The situation is somewhat more complicated than I have suggested. To see why, let \(B^{*}\) be the deductive system which results from supplementing

*B*with a specific triple from*A*: whichever triple describes the position of the sphere at the initial time. Clearly, \(B^{*}\) and*A*are equally strong, but \(B^{*}\) is far simpler. In addition, \(B^{*}\) is much stronger than—but only slightly less simple than—*B*. And if computational utility is only determined by worst case running time—that is, if computational utility is measured as in the Worst Case Account only—then (i)*B*and \(B^{*}\) are equally calculationally tractable, and (ii) both are much more calculationally tractable than*A*. So on balance, if computational utility is only determined by worst case running time, then \(B^{*}\)—rather than*B*—seems like the best deductive system. To avoid this somewhat unintuitive result, I suggest measuring computational utility using more than just the notions in the Worst Case Account. In particular, the notions invoked in an account of computational utility described in Sect. 3.2—called the ‘Variational Account’—should be used to measure the computational utilities of the systems*A*,*B*, and \(B^{*}\). Then it follows that*B*and \(B^{*}\) are not equally calculationally tractable:*B*is far more calculationally tractable than \(B^{*}\). And so plausibly,*B*is indeed the best deductive system (thanks to an anonymous reviewer for discussion).For this reason, when I formulated the Worst Case Account using a biconditional, I was making a simplifying assumption. To keep the example concise, I assumed that no other features of deductive systems

*A*and*B*contribute, in a substantial way, to those systems’ computational utility. As explained in footnote 17, however, those systems’ computational utilities are indeed affected by other features, such as the features described by the Variational Account in Sect. 3.2.Following Lewis, in this formulation of the problem, I take propositions to be classes of worlds, and I take implication to be the subclass relation between propositions (1983, p. 367). So the proposition expressed by one sentence implies the proposition expressed by another just in case the first proposition is a subclass of the second.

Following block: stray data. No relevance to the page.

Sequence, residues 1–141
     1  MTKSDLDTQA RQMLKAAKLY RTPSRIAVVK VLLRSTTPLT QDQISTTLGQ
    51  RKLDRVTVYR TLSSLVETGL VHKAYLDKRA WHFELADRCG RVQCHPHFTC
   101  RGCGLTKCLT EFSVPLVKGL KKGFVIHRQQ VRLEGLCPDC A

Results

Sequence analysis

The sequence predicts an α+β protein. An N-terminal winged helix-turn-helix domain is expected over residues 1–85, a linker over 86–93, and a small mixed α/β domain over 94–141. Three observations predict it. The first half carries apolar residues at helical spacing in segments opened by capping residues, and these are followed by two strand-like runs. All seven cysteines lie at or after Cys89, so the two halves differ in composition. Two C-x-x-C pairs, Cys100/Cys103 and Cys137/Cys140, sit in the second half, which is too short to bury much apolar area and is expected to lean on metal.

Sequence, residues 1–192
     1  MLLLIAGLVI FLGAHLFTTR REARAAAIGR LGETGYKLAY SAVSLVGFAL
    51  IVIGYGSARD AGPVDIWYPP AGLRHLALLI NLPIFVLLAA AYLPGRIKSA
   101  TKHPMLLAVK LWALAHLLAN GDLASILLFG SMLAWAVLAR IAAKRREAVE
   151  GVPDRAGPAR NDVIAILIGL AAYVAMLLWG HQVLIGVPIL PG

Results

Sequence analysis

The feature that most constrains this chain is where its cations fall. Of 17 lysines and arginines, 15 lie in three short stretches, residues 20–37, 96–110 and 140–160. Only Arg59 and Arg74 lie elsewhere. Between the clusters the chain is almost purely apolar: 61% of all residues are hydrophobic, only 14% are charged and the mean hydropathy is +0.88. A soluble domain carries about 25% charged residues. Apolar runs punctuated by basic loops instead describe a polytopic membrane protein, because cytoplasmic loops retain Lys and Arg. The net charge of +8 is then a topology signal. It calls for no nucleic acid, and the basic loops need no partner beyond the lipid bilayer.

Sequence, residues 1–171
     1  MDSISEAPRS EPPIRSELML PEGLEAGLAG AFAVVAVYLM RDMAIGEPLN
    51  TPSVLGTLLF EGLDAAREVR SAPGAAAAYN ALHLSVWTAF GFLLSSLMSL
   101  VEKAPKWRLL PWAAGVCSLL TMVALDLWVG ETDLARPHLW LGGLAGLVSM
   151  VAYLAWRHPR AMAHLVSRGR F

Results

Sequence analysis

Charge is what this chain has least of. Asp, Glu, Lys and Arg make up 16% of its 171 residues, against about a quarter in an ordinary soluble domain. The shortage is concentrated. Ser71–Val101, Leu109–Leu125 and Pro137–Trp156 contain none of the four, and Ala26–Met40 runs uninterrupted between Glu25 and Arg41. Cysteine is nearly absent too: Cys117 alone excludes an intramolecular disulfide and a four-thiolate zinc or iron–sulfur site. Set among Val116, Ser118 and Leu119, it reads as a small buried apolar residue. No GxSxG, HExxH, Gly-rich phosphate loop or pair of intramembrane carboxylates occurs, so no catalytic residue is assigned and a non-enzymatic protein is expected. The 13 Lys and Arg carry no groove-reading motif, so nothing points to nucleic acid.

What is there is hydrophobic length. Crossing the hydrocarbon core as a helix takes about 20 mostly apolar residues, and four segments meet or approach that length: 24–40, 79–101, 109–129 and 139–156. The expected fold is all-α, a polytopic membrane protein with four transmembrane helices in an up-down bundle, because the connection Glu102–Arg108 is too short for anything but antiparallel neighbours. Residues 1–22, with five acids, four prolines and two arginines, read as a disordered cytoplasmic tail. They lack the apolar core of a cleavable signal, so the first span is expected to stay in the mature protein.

For more criticisms of Lewis’s use of naturalness in the BSA, see Massimi (2017).

For this reason, I prefer the BUSA’s solution to the trivialization problem over Urbaniak and Leuridan’s solution. There is much to like about the measure of strength which invokes possible worlds. And the BUSA is attractive, insofar as it is compatible with measuring strength in that way.

For the sorts of reasons mentioned in footnote 18, in order to keep the following discussion simple, I formulate the Variational Account using a biconditional. Strictly speaking, free variation among parameters only partially contributes to the overall computational utility of any given deductive system.

This version of the Variational Account is inspired by the ideas in (Hicks, 2018).

Of course, Malthus’s law is only accurate in circumscribed domains. It only provides a reasonably accurate description of population growth over limited periods of time, in sufficiently isolated ecosystems, and so on. So strictly speaking, there is another theoretical virtue which contributes to the nomological character of Malthus’s law: accuracy. Following Braddon-Mitchell (2001, pp. 266–267), accuracy can be analyzed in terms of data compression. Altogether, then, Malthus’s law really is a law because it helps deductive systems strike a good balance between four theoretical virtues—strength, tractability, simplicity, and also accuracy—rather three. So to accommodate the fact that accuracy often contributes to the nomological character of special science laws, amend the formulation of the BUSA so that it balances those four virtues rather than the three virtues from earlier: in other words, the best system is the one which strikes the best balance between strength, tractability, simplicity, and accuracy.

Tractability even contributes to the nomological character of certain generalizations about chaotic dynamics. That might be surprising: for in chaotic dynamical systems, many analytic generalizations—about subtle variations in the orbital parameters of the planets, say—are utterly intractable. Nevertheless, in chaotic systems, there are tractable generalizations which seem nomological. For examples of generalizations like those, and how they are used in astronomy and in the design of spacecraft trajectories, see (Wilhelm 2019).

This complements other accounts of special science laws. For instance, it complements the view that special science laws derive from the Mentaculus, a fundamental physical theory of the world that assigns a probability to every physically possible event (Loewer 2008, pp. 159–160). According to the BUSA, the postulates of the Mentaculus—like the Past Hypothesis or the Statistical Postulate (Albert 2000, p. 96)—are laws: they increase the calculational tractability of the Mentaculus by implying that special science generalizations like Malthus’s law, which are extremely calculationally tractable, are highly probable.

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## Acknowledgements

Thanks to Craig Callender, Ashley Chay, Eddy Chen, Jonathan Cohen, Chris Dorst, Véronica Gómez, Eugene Ho, Barry Loewer, Michael Townsen Hicks, Jill North, Eric Winsberg, Qiantong Wu, audiences at the 2016 Western Canadian Philosophical Association and at the 2017 Pacific APA, two anonymous referees, and especially Jonathan Schaffer, for much helpful feedback and discussion.

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Wilhelm, I. Tractability and laws.
*Synthese* **200, **318 (2022). https://doi.org/10.1007/s11229-022-03638-6

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DOI: https://doi.org/10.1007/s11229-022-03638-6

### Keywords

- Laws
- Best system account
- Calculational tractability